In perhaps one of the ridiculous premises for an arcade basketball game since Bill Laimbeer’s Combat Basketball, Hoopworld attempts to grab an audience by combining easy pick up and play arcade basketball action with a premise that could be the love child of Dora the Explorer and Indiana Jones. Without a doubt, Hoopworld’s mysterious, forsaken land setting combined with basketball is an odd choice indeed.
Featuring wildly stereotypical teams such as biker dudes, cowboys and Indians, and goth kids, Hoopworld doesn’t take itself seriously; and with such a head-scratchingly strange premise, it doesn’t need to. Despite the wildly variant teams, there’s nothing in the game that tells you each team’s strengths and weakness. From playing a few tournaments rounds with each team, I can tell you there’s not much difference other than the satisfaction of a cowboy shooting three pointers or a robot performing a crafty dunk. (Sadly, I’ll probably next be able to use the phrase ‘damn, this cowboy can’t shoot’ in a sentence, ever again.)
Mechanically, Hoopworld is archaic and bland. The passing and shooting mechanics work well enough and animate beautifully, but the lack of any cancellation options really dulls down the gameplay. Without the option of changing your shot to a pass, or your dunk to a layup, Hoopworld quickly starts to feel like an aged relic.
The random power-ups that grant abilities point shaving shots or increased accuracy are fine and dandy, but the lack of core fundamentals is a major blemish. Without even the most basketball basic moves, such as pump fakes, the blandness of the gameplay starts to seep through Hoopworld’s charm. Evasive dribbling techniques and the option to throw the ball in the face of the defender feel like forced afterthoughts and fail at adding depth.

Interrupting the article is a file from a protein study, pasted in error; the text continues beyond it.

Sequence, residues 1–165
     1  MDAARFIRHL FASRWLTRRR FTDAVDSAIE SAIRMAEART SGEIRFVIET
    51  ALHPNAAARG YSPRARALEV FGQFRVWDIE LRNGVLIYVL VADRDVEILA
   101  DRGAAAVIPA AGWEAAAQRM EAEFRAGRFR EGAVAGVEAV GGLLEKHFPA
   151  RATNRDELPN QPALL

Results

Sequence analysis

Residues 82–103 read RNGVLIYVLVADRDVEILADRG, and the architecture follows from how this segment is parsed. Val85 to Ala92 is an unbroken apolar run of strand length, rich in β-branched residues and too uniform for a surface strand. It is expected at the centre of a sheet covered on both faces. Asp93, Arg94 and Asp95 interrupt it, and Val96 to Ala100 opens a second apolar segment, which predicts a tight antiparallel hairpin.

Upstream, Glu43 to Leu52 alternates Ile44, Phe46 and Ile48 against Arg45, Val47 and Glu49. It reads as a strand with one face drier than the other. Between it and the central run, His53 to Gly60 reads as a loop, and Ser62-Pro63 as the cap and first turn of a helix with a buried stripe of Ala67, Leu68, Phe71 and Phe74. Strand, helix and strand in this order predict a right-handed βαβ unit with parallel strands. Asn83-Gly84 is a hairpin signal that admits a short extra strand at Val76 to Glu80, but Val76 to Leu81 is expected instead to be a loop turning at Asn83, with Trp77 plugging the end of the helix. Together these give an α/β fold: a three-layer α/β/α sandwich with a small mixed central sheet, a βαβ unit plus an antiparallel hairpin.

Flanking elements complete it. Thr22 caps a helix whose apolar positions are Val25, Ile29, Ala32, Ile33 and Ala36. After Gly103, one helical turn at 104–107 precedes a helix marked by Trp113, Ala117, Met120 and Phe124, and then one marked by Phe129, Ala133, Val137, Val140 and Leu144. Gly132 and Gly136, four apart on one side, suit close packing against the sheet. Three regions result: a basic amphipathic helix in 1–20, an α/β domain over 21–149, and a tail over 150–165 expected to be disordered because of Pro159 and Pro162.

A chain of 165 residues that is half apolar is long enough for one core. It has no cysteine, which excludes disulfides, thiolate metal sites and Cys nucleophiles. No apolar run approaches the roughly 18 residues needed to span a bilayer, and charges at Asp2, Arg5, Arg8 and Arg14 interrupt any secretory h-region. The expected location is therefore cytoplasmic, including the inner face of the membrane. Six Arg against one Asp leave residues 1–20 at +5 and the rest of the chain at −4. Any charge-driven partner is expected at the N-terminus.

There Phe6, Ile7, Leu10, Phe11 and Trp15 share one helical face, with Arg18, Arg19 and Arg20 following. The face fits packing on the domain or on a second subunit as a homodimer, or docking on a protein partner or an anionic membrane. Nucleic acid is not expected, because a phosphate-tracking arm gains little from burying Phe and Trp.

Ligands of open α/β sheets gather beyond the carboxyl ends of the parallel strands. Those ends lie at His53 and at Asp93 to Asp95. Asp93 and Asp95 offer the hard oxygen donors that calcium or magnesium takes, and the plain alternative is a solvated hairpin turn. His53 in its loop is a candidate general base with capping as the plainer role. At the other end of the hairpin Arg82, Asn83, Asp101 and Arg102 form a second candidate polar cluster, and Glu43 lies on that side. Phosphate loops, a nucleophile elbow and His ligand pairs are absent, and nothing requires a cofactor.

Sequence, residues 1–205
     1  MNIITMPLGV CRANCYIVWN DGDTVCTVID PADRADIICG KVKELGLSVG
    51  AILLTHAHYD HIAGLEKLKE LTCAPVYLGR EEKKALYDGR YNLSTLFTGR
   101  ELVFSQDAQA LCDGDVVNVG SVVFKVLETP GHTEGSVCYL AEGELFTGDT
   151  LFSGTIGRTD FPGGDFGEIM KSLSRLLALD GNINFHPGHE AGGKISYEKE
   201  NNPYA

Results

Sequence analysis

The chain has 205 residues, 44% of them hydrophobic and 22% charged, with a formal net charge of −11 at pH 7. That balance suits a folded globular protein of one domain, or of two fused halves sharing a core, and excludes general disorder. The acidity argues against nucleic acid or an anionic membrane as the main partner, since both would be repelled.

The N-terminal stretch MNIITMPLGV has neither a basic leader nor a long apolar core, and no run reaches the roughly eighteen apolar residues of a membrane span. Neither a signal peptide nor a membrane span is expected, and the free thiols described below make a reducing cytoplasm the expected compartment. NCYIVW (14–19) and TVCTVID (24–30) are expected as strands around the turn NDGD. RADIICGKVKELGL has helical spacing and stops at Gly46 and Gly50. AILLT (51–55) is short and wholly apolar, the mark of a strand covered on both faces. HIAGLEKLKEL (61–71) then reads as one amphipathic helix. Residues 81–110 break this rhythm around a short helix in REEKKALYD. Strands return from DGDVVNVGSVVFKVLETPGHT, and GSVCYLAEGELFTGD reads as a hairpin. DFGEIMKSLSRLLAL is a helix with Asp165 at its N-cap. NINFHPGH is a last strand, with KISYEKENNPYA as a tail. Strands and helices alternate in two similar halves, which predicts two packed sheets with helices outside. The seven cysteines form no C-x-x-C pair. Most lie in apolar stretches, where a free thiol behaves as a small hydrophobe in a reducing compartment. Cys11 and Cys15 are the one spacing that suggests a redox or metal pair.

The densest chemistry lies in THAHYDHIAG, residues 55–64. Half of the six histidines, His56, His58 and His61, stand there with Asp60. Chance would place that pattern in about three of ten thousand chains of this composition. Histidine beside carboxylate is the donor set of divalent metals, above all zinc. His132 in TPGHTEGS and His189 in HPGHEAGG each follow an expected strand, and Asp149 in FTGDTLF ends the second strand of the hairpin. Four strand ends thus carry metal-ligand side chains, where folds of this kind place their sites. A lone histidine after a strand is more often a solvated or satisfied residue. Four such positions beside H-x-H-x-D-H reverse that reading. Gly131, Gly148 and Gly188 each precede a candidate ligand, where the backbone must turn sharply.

Even on the defensive side, you’re limited to waggle-induced punching and kicking and a shot blocking move that only works against regular shots. Once a character goes up for a dunk, there’s nothing the defender can do; any attempt at shot blocking or attacking goes undetected. The immunity that is created by the dunking animation is quite a glaring flaw that sends Hoopworld back a few decades in terms of a gameplay.
Despite some unfinished business in the game mechanics department, Hoopworld paces itself quite well through crisp and fluid animation and simple yet sensible AI teammates who generally act like they should – even fill passing lanes, making cuts to the basket, or sliding to the perimeter in applicable situations.
Even so, the environments look smooth and the characters all have a distinct and unique feel, even if they do tend to share the same animations. To the untrained eye, Hoopworld masquerades as a seamless arcade experience, even if the gameplay is a bit too primitive. In the past, arcade basketball was at its finest when it achieved a fine balance of fun and simplicity; Hoopworld falls short in both categories.
The interesting, colorful visuals and unique style of Hoopworld fails to hide its biggest weakness: the convoluted control scheme. I’d rather not turn into an instruction manual here, but quite simply, Hoopworld took the waggle bait and didn’t let it go. Shooting, passing, and a few variants of attacking all are tied to some sort of waggle motion that sometimes requires a button press for modification and sometimes requires the timing of other buttons during said waggle motions. Yeah buddy, you try teaching that to your girlfriend.
A complicated control scheme combined with simplistic, unfinished feeling gameplay mechanics that scream “get this out before NBA Jam” brews up a game that should be reserved for only the most forgiving of casuals. The controls in place here are not geared toward the target audience of this game: those looking for a few quick rounds of arcade hoops with their buddies or the family.